Last modified on February 10, 2010, at 19:53

Talk:Homo sapiens

Return to "Homo sapiens" page.

Creationist View?

Can we add the creationist view on "Homo Sapiens?"

Yes, but keep it neutral.--Elamdri 19:48, 13 March 2007 (EDT)


There are permanent bases on Antarctica. Wouldn't that mean we inhabit all seven continents? --Dave3172 10:53, 14 March 2007 (EDT)

Not really according to most geographers I have talked to. Usually inhabiting means having people living there all thi time in the form of family units, towns, cities and the like. -Gasmonkey

Well according to this site [1] at least one baby was conceived and born there. Sulgran 04:22, 23 March 2007 (EDT)

Two Homo sapiens articles

There are two separate articles on this subject, Homo Sapiens and Homo sapiens. The lower case sapiens is the correct form, so we should merge the other one here.--Conservateur 01:45, 21 March 2007 (EDT)

Not a mammal?

"(I personally dispute this classification - revert me if you must)"

Are humans not vertebrates that produce milk for their young with hair, specialized teeth, three bones in the ear, warm blooded, and have a placenta when developing? This is what defines a mammal. If any of those are wrong, then we are not mammals. Being a mammal is a scientific definition and classification - not an idealogical one. --Mtur 22:54, 29 March 2007 (EDT)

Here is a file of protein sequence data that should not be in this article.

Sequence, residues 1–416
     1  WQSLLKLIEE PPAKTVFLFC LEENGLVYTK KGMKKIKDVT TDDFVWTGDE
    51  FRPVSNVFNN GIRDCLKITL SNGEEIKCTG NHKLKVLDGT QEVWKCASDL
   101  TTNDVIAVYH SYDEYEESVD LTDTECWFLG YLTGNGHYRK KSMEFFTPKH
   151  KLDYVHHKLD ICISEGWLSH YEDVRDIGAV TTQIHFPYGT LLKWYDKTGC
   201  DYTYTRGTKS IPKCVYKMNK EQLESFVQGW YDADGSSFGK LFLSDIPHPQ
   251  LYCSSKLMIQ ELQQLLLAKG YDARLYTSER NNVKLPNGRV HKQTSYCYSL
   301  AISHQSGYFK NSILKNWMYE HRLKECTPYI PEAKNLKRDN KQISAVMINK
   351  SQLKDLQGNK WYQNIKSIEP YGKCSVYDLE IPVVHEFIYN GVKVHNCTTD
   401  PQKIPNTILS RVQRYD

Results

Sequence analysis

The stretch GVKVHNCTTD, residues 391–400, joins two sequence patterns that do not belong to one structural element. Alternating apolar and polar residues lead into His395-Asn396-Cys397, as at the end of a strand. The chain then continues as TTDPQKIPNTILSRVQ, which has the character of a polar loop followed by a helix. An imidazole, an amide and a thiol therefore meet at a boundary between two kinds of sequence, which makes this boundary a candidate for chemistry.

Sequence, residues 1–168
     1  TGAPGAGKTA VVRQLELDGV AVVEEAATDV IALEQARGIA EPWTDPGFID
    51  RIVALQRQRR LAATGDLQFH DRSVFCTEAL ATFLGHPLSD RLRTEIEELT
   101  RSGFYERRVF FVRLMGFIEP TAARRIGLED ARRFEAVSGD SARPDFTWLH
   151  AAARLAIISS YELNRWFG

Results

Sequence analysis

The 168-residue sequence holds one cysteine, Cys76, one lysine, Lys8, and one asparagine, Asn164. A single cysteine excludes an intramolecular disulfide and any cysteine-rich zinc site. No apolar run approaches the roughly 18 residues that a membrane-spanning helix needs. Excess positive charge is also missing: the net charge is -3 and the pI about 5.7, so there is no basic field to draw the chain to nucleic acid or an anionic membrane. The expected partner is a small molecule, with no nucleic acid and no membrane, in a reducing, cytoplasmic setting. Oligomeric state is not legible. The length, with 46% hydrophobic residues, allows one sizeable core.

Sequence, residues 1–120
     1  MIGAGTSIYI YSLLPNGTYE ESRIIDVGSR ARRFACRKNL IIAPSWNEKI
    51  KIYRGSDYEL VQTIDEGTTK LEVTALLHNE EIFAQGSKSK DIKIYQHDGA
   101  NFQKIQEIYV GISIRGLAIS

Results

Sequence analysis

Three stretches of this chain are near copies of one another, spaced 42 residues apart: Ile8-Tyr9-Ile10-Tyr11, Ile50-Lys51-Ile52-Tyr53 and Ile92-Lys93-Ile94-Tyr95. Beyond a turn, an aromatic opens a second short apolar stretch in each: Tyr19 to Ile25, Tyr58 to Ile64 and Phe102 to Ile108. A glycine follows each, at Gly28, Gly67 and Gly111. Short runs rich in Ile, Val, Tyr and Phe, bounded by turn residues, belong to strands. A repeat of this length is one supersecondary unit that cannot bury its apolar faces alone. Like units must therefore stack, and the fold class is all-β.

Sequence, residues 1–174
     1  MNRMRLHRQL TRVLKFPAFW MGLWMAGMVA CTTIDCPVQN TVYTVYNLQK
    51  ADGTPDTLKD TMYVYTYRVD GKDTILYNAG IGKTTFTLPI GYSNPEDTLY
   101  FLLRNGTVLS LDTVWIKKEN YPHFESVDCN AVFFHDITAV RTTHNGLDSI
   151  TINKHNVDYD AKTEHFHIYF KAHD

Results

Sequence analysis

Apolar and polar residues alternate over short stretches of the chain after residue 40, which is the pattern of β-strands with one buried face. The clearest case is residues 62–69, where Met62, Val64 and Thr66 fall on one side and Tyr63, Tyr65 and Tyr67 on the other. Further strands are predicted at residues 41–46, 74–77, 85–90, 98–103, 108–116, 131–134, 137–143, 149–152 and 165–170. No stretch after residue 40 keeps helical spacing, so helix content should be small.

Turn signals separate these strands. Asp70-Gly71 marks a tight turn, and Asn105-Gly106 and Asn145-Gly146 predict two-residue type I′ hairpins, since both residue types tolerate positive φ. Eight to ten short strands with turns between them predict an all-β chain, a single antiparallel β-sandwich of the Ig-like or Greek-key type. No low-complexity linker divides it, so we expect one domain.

Britinme's edits

I've changed Britinme's edits, and I'm here explaining why.

  • I've removed the bit about the human brain being larger than the chimpanzee's, because it has what relevance? His text seemed to imply that's why it has extra capabilities, but elephant and whale brains are bigger, so it the point is lost. The text already said that humans had the capability of language, so even that bit wasn't needed.
  • I've change the bit about the larynx, as it assumed evolution to be true. I've used the word "design", but even evolutionists such as Dawkins have used that word, so it doesn't necessarily imply a designer.
  • Other bits I've deleted because they duplicated material already there, or I've explained in edit comments.

Philip J. Rayment 10:09, 3 July 2007 (EDT)

CP's Manual of Style overrides correct scientific classification?

That's... eyebrow raising, to say the least. Kazumaru 00:48, 17 August 2007 (EDT)

Does "correct scientific classification" say that it can never ever be done in any other way? What if, for example, there was some text written in all capitals. Would Homo sapiens even then have to be written in lower case (apart from the "H")? Occasionally text on posters or signs is written in all lower case, proper nouns included. Would binomial names be the exception that requires a capital letter even in such cases? The point is, a policy of headings having capital first letters (which is not my preference, incidentally) is not really "incorrect" just because scientific names are not customarily written that way. Philip J. Rayment 11:17, 17 August 2007 (EDT)

Haha... what?

Alright, rather than getting into an edit war: Why is the O uncapitalized? Barikada 16:07, 27 January 2008 (EST)

As far as I know, we have no policy on the capitalisation of section headings. Some use title case, but others, including myself, use lower case (first letter and proper nouns excepted). I don't know why Dan reverted (perhaps account the edit comment?), but I will agree with your edit insofar as it at least provided consistency with the other headings with similar wording. Philip J. Rayment 19:07, 27 January 2008 (EST)